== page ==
Conversations that Matter with Teenagers

October 21st, 2009
  1. Initiate important conversations early with your child, beginning by listening carefully to what is important to them…bullies in the lunchroom, a commercial on television, a scary story that they heard.
  2. Speak directly using simple language to describe your knowledge, feelings and activities with your child or teen.
  3. Parental self-disclosure can increase communication with young people but it is important to be aware of your relationship role and their developmental age. For example, unhealthy parental risk-taking often slips out in conversation but has negative consequences.
  4. Adults can share what we have learned about risk-taking. A nonjudgmental and non-bragging manner is critical. It is often most important to share feelings and mistakes.
  5. Be aware of how you speak and act with your child even when you are not having key conversations with them. Your feelings, words and behaviors are imitated closely.
  6. Educate yourself about adolescent culture and behavior. This will help you to be less judgmental in conversations with them.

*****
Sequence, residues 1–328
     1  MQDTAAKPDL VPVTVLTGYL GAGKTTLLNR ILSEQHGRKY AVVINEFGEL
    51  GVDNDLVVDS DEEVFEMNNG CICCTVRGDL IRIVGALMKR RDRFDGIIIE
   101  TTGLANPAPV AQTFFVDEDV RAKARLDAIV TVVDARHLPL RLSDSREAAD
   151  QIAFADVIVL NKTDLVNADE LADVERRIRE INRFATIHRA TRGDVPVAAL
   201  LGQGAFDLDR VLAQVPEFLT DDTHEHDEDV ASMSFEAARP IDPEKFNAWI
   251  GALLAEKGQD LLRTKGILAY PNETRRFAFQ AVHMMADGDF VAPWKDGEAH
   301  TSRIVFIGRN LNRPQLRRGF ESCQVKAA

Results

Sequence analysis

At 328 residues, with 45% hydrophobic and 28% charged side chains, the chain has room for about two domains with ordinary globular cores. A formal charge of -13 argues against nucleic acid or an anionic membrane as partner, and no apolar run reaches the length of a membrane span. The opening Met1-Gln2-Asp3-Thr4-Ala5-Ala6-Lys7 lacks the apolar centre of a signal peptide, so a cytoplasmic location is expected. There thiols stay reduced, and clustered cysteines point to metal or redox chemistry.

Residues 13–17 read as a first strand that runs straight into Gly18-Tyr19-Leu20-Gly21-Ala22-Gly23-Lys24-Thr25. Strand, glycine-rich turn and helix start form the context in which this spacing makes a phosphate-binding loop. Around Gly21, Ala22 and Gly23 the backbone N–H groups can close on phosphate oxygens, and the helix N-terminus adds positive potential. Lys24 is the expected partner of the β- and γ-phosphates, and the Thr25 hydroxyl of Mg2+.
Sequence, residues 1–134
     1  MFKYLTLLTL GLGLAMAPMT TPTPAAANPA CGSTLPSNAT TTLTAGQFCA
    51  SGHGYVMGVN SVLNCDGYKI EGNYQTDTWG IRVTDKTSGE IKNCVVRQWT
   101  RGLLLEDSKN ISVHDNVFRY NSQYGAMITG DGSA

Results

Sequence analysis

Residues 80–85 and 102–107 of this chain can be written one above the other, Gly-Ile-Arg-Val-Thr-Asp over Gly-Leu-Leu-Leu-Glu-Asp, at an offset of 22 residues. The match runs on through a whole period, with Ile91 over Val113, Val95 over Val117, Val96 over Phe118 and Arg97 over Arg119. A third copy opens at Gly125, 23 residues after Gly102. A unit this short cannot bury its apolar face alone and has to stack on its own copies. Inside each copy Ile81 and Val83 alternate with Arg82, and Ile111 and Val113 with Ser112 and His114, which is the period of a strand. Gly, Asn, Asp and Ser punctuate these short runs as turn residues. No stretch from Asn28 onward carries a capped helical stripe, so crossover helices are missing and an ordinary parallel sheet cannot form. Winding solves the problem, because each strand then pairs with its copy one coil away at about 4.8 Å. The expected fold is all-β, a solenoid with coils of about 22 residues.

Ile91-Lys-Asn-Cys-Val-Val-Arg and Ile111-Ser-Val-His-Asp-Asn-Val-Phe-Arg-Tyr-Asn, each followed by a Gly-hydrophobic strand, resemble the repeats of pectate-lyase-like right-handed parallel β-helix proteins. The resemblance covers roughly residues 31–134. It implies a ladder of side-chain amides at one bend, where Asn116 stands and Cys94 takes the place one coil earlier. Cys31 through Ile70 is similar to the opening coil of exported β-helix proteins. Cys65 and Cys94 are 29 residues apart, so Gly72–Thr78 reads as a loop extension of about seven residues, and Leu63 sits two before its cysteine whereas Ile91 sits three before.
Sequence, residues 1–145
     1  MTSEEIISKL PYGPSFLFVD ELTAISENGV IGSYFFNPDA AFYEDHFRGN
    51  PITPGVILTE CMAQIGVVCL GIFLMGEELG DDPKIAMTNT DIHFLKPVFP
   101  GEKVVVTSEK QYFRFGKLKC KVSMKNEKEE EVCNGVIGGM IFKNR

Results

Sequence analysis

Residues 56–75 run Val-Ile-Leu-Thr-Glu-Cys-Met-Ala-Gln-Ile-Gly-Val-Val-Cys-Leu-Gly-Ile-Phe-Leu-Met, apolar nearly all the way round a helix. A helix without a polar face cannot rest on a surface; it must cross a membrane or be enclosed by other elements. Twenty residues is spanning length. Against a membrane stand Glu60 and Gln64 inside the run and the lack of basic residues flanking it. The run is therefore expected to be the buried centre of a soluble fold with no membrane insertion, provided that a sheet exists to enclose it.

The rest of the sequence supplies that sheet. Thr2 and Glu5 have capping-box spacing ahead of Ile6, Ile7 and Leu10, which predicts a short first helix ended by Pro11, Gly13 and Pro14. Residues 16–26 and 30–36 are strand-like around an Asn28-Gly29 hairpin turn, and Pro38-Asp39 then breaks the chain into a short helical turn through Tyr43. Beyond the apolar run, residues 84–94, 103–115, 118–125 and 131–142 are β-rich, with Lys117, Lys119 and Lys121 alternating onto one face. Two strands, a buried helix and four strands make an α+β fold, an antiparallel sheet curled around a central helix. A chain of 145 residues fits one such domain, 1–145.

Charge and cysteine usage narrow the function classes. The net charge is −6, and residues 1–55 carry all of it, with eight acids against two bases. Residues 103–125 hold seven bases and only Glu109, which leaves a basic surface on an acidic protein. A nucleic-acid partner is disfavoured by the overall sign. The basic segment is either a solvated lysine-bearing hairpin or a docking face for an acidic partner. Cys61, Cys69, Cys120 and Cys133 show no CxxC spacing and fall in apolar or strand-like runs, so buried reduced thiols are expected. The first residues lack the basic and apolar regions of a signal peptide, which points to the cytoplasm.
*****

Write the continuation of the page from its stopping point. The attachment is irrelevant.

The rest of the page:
7. Role-playing your teen’s tough situations with them increases closeness and improves communication.
  8. Recognize that everyone, even teenagers, has a private life which includes fantasies, secret thoughts and hidden actions. Mentioning to your child that you know of and respect this increases their respect for you.
  9. Be willing to share some of your failures and what you have learned from them. This role models acceptance of mistakes and helps them understand you better.
  10. Admitting discomfort and embarrassment and how you cope with it when discussing difficult topics also increases bonds.